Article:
The third and last in a series of knife paintings, Blazing Sunset was a challenge because of the complexity of colors I wanted to use. The challenge came from my wish to keep the colors as pure as possible and allow some optical mixing to occur on the paper without letting them get muddy. I also wanted to create some sense of movement that is often typical of fiery sunsets as they get to their peak. Keeping the knife strokes in the sky at a diagonal enhanced the feeling of movement such as might happen in a real sunset.

Blazing Sunset, Acrylic on 300lb watercolor paper, 11"x14", $75 (unframed)

Monday, November 24, 2008


acrylic abstract painting of poppies at high noon by atul pande
Poppyfield at High Noon is another knife painting in the same series as Sunrise. The technique here was similar to that I used for Sunrise with one exception. Most of the painting was done in one session but the highlights in the sky and the red of the poppies were added after the first layer had completely dried. Inevitably, once the thickly applied paint had dried the next layer could only be applied to the bumps and ridges of the previous layer. This shows well in the rather random appearance of the highlights in the sky.

Upon stepping back from this painting I liked the effect -- and left it alone. I guess while the artist attempts to control the medium and technique, the medium can sometimes control the art.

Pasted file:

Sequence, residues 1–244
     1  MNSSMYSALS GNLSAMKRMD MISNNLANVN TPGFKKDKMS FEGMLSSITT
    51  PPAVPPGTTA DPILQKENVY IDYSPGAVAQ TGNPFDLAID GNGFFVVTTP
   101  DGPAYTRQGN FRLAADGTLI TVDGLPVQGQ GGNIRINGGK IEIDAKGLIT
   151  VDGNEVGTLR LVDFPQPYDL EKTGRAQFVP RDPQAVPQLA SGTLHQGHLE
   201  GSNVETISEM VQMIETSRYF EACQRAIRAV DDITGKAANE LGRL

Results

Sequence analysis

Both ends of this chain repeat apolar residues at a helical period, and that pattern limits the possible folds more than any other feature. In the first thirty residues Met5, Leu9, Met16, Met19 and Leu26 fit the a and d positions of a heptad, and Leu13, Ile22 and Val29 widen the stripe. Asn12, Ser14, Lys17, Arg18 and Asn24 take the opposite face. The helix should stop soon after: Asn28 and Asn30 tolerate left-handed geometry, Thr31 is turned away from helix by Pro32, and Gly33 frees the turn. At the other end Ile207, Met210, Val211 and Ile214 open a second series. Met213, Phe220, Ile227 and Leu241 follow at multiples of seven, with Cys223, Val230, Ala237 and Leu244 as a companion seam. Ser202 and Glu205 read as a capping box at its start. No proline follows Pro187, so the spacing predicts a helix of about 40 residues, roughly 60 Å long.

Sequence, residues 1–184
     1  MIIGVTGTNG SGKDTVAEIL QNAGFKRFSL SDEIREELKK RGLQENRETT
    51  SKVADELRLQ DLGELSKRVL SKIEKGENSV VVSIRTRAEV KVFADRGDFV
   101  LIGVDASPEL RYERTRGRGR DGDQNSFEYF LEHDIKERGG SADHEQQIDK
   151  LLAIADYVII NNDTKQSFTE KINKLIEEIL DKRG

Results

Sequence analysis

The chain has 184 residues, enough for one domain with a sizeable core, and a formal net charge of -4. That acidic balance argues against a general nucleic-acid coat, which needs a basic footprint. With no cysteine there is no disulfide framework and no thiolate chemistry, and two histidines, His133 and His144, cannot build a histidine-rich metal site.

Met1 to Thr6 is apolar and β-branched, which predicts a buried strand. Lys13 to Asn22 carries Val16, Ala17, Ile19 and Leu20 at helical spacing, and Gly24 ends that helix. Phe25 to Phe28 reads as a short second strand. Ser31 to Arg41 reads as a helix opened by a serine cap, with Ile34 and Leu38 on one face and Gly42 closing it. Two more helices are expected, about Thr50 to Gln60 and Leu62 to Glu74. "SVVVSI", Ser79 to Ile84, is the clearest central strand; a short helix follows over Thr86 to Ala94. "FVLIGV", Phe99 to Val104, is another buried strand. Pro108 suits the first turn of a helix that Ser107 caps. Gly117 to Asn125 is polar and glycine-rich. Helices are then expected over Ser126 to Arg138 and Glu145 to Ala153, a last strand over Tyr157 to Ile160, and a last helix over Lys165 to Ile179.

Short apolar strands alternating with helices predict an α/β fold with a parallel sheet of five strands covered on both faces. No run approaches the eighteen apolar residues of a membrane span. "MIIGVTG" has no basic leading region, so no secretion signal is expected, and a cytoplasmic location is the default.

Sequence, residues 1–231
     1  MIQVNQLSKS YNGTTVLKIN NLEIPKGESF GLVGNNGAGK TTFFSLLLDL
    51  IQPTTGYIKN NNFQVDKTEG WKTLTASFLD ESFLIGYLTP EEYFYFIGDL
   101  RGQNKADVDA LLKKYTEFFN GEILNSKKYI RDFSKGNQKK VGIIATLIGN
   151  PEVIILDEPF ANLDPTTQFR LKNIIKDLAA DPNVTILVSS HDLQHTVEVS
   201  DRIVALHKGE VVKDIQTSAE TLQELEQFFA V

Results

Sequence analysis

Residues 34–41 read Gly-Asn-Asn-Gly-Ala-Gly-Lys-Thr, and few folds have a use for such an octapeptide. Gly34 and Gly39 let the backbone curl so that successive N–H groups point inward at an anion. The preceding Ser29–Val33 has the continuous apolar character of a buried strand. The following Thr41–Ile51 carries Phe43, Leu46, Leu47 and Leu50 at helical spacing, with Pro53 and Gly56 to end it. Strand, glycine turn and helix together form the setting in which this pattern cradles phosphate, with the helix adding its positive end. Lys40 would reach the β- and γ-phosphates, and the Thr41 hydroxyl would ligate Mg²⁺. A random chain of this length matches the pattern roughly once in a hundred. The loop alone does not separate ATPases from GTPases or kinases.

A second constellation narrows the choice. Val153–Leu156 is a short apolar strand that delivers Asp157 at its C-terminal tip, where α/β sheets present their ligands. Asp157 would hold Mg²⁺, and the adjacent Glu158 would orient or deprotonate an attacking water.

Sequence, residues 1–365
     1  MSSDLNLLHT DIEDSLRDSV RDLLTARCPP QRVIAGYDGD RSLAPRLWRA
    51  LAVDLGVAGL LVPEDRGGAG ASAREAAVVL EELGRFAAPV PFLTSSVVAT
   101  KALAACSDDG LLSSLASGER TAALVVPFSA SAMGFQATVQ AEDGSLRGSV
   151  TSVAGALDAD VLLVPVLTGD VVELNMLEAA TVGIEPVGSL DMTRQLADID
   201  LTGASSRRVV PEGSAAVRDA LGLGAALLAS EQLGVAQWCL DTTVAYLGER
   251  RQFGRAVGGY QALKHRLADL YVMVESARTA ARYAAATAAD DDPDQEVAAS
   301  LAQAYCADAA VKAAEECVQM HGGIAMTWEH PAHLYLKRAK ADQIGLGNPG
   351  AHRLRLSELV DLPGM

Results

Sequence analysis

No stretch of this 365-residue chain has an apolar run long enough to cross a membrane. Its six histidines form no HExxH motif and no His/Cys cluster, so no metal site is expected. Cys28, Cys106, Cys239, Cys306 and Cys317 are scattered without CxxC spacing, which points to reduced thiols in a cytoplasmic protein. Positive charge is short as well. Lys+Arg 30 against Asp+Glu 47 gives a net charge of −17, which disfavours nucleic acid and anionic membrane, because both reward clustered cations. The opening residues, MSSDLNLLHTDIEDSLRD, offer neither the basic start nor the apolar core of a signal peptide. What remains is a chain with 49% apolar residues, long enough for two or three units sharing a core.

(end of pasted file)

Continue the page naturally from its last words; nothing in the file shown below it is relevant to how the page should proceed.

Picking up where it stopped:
Poppyfield at High Noon, Acrylic on 300lb watercolor paper, 11"x14", $75 (unframed)

Sunday, November 23, 2008

Sunrise in Abstract

abstract acrylic landscape painting of sunrise by Atul PandeKnives are a fun tool for acrylic painting particularly when using the wet-on-wet technique. Paints can be dragged across the canvas to create interesting mixtures that allow for optical blending that might otherwise take hours of work with a brush.

I started Sunrise at the horizon with the lighter color and then worked upward and downward into the darker colors. By using minimal strokes I was able to keep the colors clean yet achieved the highlights in the sky. The trick to brilliant highlights when working wet-on-wet is to gradually make the knife strokes lighter and lighter to avoid moving the darker paint layer underneath. Seems like an obvious thing but took me a while to discover this for myself!